Monday, October 11, 2010

Five Digital Publishing Considerations

We offer five insights into tomorrows world we believe should be considered in any digital publishing strategy.

The Future is Online

Many are still grappling with digital downloads and the various interpretations of epub standards, the myriad of ereader devices and how to price and sell digital titles. However when we look at other media markets we can already see a shift from download to streamed content or content on demand, from ownership to rental or subscription. Spotify and Pandora are changing music from buying tracks to renting music on demand. Video and TV is no different and here the shift is from schedules to viewing on demand.

Some think that books are different but why buy and download when the elibrary is effectively in the cloud? Why download when your GPS can already restrict what you can and can’t read? Why buy a file that is free from any armchair via your local library?

Online technology is now accessible 24x7 and as already proven, your latest read can be cached for continued enjoyment offline and can also be platform supported and not device dependant.

The Future is Agnostic

Today our views, interests and cultural awareness is restricted by what we can find and access, how we access it, what we can do with it and how we use it.

Interestingly, we are shaped more by what we don’t know, than by what we do know.Media is a classic example of where the technology and cultural restriction to information and content can narrow our perspective and thereby who we are.

Someone who grew up in the 50s did not have the access to the rich variety of music that existed then. Their taste was dictated by what and who they knew and could hear. Today, we all have access to just about every conceivable genre, taste and also every manifestation of any work every produced. This opportunity has been created by technology. However, the way in which we discover, access, experience and form opinions on music is varied and often haphazard. As a result everyone’s taste is more eclectic and the music industry now has to support a rich variety of taste. Genre and sub genre are still important but people expect access to a width and depth of range of music.

Merely expecting to sell front list titles forever maybe the quickest form of suicide we can think of.

The Future is Mobile

The most successful reading device to date, the book, is truly mobile.

The future may not be what we have in our pocket today but it will be what we have in our pockets tomorrow. User intuitive interfaces, micro technology and a different approach to mobile are going to shape the devices we will use. Th one thing that is certain is that we will not be tethered to anywhere or anytime. Digital reading will happen just as mobile email, wireless connectivity and digital music, games and video have all happened. The key is mobility. Today we take our phones everywhere and they are switched on 24X7. They go to the beach, in the car, on the underground and as they develop, must become our primary interface to everything. Books are not excluded merely waiting to happen.

The Future is Polar

We have ready seen the entry of the technology omnivores and they aren’t going away.

What is clearly happening is that the economies of digital scope and size are introducing new entrants who care less about books and more about selling devices, advertising, bandwidth and promoting their own brand. They only respect the existing channels if they support their brand and its they who own the transactions, the customer, the information and its their name on the tin.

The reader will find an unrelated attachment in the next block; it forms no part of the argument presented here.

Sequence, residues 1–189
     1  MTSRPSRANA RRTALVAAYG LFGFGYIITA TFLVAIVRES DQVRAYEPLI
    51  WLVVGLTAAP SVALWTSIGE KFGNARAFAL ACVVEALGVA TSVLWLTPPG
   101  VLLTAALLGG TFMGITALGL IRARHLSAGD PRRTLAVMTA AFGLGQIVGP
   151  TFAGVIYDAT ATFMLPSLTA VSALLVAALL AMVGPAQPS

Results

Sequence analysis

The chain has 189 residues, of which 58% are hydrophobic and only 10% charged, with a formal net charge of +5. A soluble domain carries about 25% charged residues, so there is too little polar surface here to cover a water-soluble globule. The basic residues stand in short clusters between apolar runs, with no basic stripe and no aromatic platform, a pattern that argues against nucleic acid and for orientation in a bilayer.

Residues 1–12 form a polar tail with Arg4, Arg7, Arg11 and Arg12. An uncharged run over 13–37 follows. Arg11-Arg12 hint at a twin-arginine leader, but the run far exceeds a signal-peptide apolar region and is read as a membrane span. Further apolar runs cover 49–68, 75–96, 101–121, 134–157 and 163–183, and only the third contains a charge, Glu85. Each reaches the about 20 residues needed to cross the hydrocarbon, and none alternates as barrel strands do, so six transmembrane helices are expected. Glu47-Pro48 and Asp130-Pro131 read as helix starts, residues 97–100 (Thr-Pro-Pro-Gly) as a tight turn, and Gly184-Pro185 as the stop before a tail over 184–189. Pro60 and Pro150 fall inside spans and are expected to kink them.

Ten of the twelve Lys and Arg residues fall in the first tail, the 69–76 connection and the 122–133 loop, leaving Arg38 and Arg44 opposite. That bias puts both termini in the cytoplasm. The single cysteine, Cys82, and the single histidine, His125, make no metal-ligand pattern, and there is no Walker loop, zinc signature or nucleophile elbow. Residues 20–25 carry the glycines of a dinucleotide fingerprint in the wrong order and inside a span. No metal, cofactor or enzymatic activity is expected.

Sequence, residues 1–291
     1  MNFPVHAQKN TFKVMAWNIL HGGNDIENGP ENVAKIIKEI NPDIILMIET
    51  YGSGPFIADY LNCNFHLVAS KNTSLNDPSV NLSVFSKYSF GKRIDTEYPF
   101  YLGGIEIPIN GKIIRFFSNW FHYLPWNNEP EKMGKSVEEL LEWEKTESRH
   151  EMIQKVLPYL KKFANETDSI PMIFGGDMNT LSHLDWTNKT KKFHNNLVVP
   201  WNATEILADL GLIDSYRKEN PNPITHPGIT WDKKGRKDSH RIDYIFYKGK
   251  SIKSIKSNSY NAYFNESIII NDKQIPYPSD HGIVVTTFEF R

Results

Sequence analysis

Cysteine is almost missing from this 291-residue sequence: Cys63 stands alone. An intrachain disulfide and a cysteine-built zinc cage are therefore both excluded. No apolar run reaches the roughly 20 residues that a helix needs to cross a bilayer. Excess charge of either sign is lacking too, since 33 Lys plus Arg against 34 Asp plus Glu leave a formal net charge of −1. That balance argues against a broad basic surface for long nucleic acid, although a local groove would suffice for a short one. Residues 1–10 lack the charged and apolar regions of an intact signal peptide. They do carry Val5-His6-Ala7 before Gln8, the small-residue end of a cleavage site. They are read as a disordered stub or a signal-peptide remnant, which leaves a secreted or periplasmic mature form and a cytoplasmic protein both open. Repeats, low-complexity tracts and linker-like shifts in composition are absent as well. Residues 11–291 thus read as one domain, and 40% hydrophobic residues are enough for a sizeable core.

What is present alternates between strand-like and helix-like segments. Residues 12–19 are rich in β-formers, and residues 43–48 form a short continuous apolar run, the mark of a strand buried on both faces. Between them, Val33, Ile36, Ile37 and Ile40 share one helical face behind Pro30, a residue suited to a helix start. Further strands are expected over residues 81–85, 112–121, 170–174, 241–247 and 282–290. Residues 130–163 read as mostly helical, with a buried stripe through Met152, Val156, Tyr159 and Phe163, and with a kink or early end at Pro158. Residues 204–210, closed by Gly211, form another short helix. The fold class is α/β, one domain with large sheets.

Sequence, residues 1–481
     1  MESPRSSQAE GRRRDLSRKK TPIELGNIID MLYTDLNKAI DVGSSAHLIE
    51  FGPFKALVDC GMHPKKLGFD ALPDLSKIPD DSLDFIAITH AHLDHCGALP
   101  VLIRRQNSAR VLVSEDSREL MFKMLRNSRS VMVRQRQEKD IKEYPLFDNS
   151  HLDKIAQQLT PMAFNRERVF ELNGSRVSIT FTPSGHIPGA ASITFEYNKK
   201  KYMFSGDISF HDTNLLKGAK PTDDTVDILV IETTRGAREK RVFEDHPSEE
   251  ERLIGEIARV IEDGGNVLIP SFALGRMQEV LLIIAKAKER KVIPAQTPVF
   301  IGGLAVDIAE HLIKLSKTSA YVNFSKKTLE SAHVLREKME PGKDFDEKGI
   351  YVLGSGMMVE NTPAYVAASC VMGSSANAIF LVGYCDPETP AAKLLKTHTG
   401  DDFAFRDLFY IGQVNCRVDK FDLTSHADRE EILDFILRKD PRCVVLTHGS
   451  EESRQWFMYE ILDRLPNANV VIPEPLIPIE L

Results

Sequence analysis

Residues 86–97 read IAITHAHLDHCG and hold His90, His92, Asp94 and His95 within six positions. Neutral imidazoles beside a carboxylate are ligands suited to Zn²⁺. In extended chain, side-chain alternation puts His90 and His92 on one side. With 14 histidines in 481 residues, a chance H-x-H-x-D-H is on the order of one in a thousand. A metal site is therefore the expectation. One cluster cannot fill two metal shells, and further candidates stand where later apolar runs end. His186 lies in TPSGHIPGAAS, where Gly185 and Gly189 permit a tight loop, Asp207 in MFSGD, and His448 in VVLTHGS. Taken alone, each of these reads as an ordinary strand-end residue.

This is actually creating a new opportunity for those who previously were forgotten and expected to die and small publishers and booksellers now have greater and different opportunities. The challenge is with those who once had the economies in their favour, the chains and larger publishers. Its fast becoming a case of ‘the king is dead long live the king.’

The Future is Vale Added

We have long argued that there is only two people that matter, the author who creates value and the consumer who pays for it. Everyone in between has to earn their place and add value.

This is changing the role of agents, publishers, service providers, distributors, wholesalers, bibliographic and secondary publishers, marketers, booksellers and librarians.


Geoff said...

About making and selling books in the future, I've been thinking about this recently because after being very skeptical for a long time I just got a Kindle (version 3, the latest one, which has much better black-white contrast) and I love it! Somehow reading text is easier and more pleasurable, perhaps because it suits aging eyes better but also I think because the Kindle is lighter than a book so you can physically focus more on the content rather than the vehicle for the content. The medium disappears and what is left are the raw words.

So my predication is that bookstores will stop selling books that are text only, such as novels, biographies etc. People will get those only digitally over the web as is becoming, as you point out, rapidly the norm for music. However, there is still a future for bookstores: they will shift to only selling large format books and those that are heavy on photos, graphics, diagrams etc. I think the physical book will continue to reign supreme there for the foreseeable future. An electronic version just cannot replace the visual and tactile feel of such books. But books that are just text can and will go 100% digital within the next 5 years.

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